My relationship with baseball is emotional and irrational (which is not to leave out my attraction to statistics, but that’s for some other discussion). In the end, I like players or I don’t, and for the most part no amount of talent will change that. Still, while I may not have cared for Maddox, his talent was immense; I had no choice but to admire him. Glavine, though…”professional” nails it, Norm.The guy was punching a clock, and he left me cold. Still does.
        • argonbunnies January 9, 2014 at 12:38 am
          “A pitcher, not a thrower”. That’s something I can certainly get behind.
  3. DanS January 8, 2014 at 9:15 pm
    Here’s my fondest Tom Glavine (but heck, it was a HOF career!):

    • Summary: The Mets made history, becoming the first team to blow a lead of at least seven games after Sept. 12, as they fell to the Marlins at Shea Stadium while Philadelphia beat Washington.

    • Goat: Tom Glavine, in what could be the final start of his Hall of Fame career, retired just one batter and allowed seven runs.

  4. DaveSchneck January 9, 2014 at 9:26 am
    I congratulate Glavine on his HOF election. Never met him but seems like a decent guy, That said, I was never big on him wearing a Met jersey. His first game and his last game were complete disasters, and more importantly his entire Met career was very mediocre and not worth the cost.

    To me his is and always was a Brave. He talked up NY but in reality he came to the Mets because the Braves refused one more big payday. Yes, I understand it is a job to these guys, but still, an arch rival changing colors simply for the dough and performing so so is something as a fan I can live without.

    Lastly, in regards to NormE and the conversation above, there is absolutely no way we can assume that Glavine or anyone in sports from the 80s on to today is or was PED free. I’m sure some guys were, and are, but at fans and frankly as teammates no one can truly know. To assume it by someone’s look or build or image is not accurate.

    • NormE January 9, 2014 at 12:48 pm
      Dave S.,
      Fair point about the PED era players, but without hard evidence we have to be careful that we don’t become Murray Chass-like.
      • DaveSchneck January 9, 2014 at 2:46 pm
        Agreed. I do not ascribe to the camp that is penalizing by innuedo. I don’t believe in including or excluding by appearance. I’m not sure where to draw the line, short of admitted guilt or conviction, but the whispers about doers and the impression that less physically imposing guys that projected a better image were non-doers is very dicey.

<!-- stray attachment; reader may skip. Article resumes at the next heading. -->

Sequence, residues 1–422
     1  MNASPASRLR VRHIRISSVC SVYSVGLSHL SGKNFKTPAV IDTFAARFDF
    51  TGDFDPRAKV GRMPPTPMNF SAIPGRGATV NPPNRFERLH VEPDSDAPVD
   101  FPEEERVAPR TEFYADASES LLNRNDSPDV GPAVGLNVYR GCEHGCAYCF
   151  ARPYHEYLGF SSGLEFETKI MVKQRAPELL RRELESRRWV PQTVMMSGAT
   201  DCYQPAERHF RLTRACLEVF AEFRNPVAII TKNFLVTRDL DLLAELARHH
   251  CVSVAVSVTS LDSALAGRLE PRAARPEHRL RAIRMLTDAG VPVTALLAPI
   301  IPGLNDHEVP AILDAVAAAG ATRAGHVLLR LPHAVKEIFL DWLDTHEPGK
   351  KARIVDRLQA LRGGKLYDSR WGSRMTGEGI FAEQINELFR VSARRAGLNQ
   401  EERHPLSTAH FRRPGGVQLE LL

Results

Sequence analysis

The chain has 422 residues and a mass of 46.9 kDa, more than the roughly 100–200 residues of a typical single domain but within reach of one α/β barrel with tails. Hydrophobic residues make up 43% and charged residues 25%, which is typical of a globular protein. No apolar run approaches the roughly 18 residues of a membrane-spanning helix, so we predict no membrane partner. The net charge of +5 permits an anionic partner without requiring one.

5. Dan B January 9, 2014 at 10:36 am
    One thing I admired about Glavine was how he went about the entire game. He fielded his position and he looked like a professional at the plate. He was intelligent and well spoken. He is excellent roll model for pitchers.
    I have to admit I was surprised Kent only received 15%. He was the top second baseman of his time. I guess the double barrel of PEDs (though I don’t remember his name linked) and having a Jim Rice/Eddie Murray relationship with the writers killed his chances. Shame since he was judged by everything other then performance.
    • argonbunnies January 9, 2014 at 5:46 pm
      I’m not sure how much positional scarcity ought to make a player a HOFer all by itself. I mean, when he played, how did Kent rate among the top hitters in the game? 20th? 30th? He never led the league in anything besides sac flies; he was only in the top 10 in the NL in HRs once; he was never higher than 4th in RBIs despite Bonds walking 150 times in front of him. But now his HR and RBI totals are regarded as not just solid, not just great, but Hall of Fame-worthy? Because he could play a mediocre second base?

      I’m not a huge WAR fan, but in this case it might be telling. Baseball Reference gives Kent +44 runs for playing 2B, and -42 runs for his defensive performance.

      Maybe he was as special as the records say… or maybe he was just lucky that none of his teams ever shifted him to 1B or 3B (as has generally happened to players of his skill set), in which case he’d have no shot at the Hall at all.

      • Dan B January 11, 2014 at 11:24 am
        Positional scarcity (great term!) shouldn’t play a role in the sense being the best of a bad lot isn’t good enough. But there was a lot of good second basemen in Kent’s time and he was one of if not the best. And it is true if he was a 3b or 1b his numbers wouldn’t stand out as much. But that is exactly the point, he could play 2cd while most 1b and 3b could not play 2cd. Using that logic, Frank Thomas shouldn’t be in the HOF because he would of been a terrible 2cd baseman.
  6. friend January 9, 2014 at 10:44 am
    “Kenny Rogers …(the pitcher, not the singer) … I’d love to hear the arguments supporting those cases”

    The voter might have thought he was voting for the singer on a ballot for the country music hall of fame.

  7. chris January 10, 2014 at 2:25 pm
    I was glad Glavine pitched for the Mets, but I always saw him as more of a mercenary, in NY only for the paycheck. Sure, everyone is there for the paycheck, but he WAS the Atlanta Braves, or a big part of them. Congratulations to him, but he is going in for all the things he did in Atlanta, not NY.

    I was appalled by some of the votes as well. Whoever voted for Armando Benitez better be related to him.